Editor's note: Taylor Swift was the talk of the Chiefs-Bears game when she showed up in Kelce's suite sitting next to his mom.
Travis Kelce made his official return on Sunday and all we can say is he fit back into Kansas City’s offense like a perfect rhyme.
August slipped away, and as good as quarterback Patrick Mahomes is, as the season opening loss to the Lions showed, he needs Kelce, because without him, the castle crumbled overnight. Kansas City brought a knife to a gunfight. The Lions took the crown but it's alright. Then came the Jaguars.
Mahomes is the best quarterback in football. Maybe the best player in the sport. But Mahomes needs his great receiving counterpart. This isn’t to say Mahomes will be asking, "Lord, what will become of me, once I've lost my novelty?"
It is to say that when you look throughout NFL history, some of the best offenses have a formidable one-two punch. They never had bad blood, they always had mad love. Not always. But a lot of the time. There was Johnny Unitas and Raymond Berry, Joe Montana and Jerry Rice, Jim Kelly and Andre Reed, among others. Mahomes had that somewhat when Tyreek Hill was with the team but he definitely has it with Kelce.
When Miami signed Hill, Mahomes made it clear it wasn't some situation that needs to be handled. Hill was gone but Mahomes still had Kelce.
What makes Kelce so good? One word: explosive. His speed and fluidity allow him to run like a receiver and also make it impossible for a linebacker to cover him. Faster corners try, but at 6 feet 5 inches Kelce is often too tall for them. Combo and zone coverages often don’t work either because he’s a skilled route runner. He finds creases in defenses as well as any receiver in the league and his rapport with Mahomes makes things even tougher. Kelce is no Mr. Perfectly Fine.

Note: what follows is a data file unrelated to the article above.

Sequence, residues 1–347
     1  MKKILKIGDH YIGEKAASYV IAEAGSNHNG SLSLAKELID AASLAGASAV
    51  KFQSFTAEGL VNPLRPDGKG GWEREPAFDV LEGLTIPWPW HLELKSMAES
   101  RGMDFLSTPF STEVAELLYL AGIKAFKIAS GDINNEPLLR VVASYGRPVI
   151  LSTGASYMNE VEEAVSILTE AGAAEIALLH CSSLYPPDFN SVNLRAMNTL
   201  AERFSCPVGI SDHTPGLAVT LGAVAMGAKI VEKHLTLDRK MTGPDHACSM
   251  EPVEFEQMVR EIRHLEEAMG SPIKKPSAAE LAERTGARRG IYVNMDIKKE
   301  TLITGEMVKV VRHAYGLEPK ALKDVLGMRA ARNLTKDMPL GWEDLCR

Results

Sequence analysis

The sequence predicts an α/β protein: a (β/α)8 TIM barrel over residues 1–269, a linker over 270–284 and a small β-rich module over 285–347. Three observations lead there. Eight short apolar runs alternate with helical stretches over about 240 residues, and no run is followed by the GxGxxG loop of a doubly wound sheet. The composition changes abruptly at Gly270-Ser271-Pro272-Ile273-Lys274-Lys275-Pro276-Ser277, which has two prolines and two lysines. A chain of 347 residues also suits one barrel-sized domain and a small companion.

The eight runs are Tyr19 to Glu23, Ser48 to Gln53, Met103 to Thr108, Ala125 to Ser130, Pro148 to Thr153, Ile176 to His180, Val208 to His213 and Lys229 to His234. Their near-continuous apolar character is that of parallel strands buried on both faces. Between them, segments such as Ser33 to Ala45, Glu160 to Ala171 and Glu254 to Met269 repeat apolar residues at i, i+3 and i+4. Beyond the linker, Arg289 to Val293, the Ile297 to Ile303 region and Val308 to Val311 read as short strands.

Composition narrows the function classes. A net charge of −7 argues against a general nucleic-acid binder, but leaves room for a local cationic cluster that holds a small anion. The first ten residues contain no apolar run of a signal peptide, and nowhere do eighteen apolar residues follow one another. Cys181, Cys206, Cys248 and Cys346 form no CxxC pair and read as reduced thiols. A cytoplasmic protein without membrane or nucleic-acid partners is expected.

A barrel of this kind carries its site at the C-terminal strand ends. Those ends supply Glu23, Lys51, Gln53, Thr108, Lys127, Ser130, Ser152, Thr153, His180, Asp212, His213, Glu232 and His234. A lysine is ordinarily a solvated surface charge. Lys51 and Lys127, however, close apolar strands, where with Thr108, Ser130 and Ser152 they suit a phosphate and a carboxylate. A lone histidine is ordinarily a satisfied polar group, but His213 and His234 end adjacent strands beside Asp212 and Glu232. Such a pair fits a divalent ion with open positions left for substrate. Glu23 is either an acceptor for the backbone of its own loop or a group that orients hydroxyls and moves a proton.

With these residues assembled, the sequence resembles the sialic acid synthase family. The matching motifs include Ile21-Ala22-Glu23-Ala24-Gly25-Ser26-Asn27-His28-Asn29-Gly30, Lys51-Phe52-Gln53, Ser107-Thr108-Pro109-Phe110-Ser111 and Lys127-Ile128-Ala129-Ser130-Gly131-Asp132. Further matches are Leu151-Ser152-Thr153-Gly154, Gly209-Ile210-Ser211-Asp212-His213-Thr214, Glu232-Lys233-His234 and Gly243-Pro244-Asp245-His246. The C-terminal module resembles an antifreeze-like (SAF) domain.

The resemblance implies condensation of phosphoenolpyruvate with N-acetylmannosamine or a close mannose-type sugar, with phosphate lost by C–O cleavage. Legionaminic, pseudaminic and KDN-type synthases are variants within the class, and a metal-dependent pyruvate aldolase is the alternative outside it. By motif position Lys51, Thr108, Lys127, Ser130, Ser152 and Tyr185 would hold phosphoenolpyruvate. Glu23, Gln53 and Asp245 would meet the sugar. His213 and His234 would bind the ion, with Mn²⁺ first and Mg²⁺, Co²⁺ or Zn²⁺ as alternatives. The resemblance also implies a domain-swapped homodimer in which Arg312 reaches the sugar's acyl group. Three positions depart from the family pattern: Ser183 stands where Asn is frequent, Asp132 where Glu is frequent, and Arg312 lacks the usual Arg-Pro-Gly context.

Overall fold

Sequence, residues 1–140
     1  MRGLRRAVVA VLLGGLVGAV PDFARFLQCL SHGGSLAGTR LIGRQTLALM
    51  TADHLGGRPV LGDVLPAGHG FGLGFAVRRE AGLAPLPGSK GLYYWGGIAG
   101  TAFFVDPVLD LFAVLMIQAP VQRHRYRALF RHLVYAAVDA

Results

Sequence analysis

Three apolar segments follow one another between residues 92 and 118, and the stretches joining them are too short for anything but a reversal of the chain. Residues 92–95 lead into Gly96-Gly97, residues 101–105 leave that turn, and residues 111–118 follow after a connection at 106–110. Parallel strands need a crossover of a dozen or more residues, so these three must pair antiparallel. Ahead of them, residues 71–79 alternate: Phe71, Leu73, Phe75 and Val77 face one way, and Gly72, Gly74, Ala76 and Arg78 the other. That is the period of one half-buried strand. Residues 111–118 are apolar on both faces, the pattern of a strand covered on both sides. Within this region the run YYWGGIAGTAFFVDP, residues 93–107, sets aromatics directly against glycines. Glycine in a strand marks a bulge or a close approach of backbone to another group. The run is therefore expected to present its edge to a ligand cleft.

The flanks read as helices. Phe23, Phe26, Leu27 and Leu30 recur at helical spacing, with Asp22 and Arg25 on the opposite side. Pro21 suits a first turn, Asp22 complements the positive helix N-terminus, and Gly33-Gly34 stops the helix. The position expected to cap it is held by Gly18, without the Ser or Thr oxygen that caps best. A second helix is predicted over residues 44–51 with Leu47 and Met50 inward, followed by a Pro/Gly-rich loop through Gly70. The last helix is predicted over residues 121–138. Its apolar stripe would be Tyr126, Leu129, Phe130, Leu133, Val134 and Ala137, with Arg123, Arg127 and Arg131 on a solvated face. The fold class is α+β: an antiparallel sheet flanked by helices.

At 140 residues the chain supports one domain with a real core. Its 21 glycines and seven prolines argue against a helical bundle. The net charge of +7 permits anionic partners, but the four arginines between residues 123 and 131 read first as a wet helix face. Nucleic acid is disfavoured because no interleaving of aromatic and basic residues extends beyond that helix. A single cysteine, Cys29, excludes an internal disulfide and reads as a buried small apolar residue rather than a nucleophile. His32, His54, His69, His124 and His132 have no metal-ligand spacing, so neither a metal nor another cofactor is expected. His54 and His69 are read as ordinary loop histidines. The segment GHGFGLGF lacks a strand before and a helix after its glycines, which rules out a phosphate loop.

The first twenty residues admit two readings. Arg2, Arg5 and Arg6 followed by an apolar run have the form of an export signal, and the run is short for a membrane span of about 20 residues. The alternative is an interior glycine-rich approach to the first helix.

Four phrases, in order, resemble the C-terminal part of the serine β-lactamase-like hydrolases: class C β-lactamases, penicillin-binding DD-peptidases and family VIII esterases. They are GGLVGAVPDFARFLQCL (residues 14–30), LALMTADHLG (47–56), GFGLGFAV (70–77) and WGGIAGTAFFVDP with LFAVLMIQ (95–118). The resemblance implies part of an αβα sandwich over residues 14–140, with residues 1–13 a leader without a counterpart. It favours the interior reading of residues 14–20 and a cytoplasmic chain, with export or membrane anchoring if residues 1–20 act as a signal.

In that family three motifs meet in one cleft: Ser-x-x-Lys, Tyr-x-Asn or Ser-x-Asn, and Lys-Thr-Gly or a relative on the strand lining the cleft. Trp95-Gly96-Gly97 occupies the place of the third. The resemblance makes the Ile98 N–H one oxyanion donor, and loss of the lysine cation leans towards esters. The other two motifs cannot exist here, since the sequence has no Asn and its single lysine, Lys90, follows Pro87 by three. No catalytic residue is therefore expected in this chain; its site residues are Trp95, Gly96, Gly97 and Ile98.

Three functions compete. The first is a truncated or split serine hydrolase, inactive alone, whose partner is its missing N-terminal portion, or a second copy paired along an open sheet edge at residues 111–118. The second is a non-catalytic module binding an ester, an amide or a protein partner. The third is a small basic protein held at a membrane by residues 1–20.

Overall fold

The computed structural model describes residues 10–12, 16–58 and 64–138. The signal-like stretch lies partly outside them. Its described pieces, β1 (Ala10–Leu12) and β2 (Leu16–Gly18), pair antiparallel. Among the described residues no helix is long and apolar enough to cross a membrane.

Defenses, in fact, have a common refrain: Sorry, I can't see facts through all of my fury.
You saw Kelce’s impact against Jacksonville. It wasn’t a huge Kelce day but he did score a touchdown and the focus on him from the defense opened things up for other receivers.
Kelce isn’t just one of the most unstoppable forces in the NFL. He’s one of the most unstoppable in all of sports.
Defensive coordinators tell their players: you won’t stop him, you can only hope to contain him. Defensive players know it’s true, telling coaches they call up plays again just for Kelce to break them like a promise, so casually cruel in the name of being honest.
It's also fun to watch Mahomes and coach Andy Reid, two masterminds, around them the planets and the fates and all the stars always align. Amazing how they ended up in the same room, at the same time.
You also need to understand, Mahomes might say, why he lost his mind when Kelce was gone, and fought the wars, and why he spent Kelce’s absence trying to put it in words.
What also makes Kelce a problem for defenses is how Reid schemes him open. Reid doesn’t take Kelce’s abilities for granted. Spiderboy, king of thieves, weave your little webs of opacity, because part of the game plan with Kelce is to be as confusing to defenses as possible.
I’m sure Mahomes, when Kelce was gone, and the quarterback was looking back at the Week 1 loss to the Lions, thought to himself: It takes everything in me just to get up each day but it’s wonderful to see that you’re OK.
Kelce is okay. Kansas City is okay. All is right with the world. The team will be back on its vigilante stuff again, for all those who wrote them off after the first week.
And Kansas City fans are dancing in their Levis, drunk under a streetlight. Waiting for another Super Bowl ring.
And if they get burned, well, at least they were electrified.
(Hannah Yasharoff and David Oliver contributed to this story by ranking all of Taylor Swift’s lyrics. They are both untouchable, burning brighter than the sun.)
This article originally appeared on USA TODAY: Taylor Swift dating Travis Kelce? No, but imagine what a love story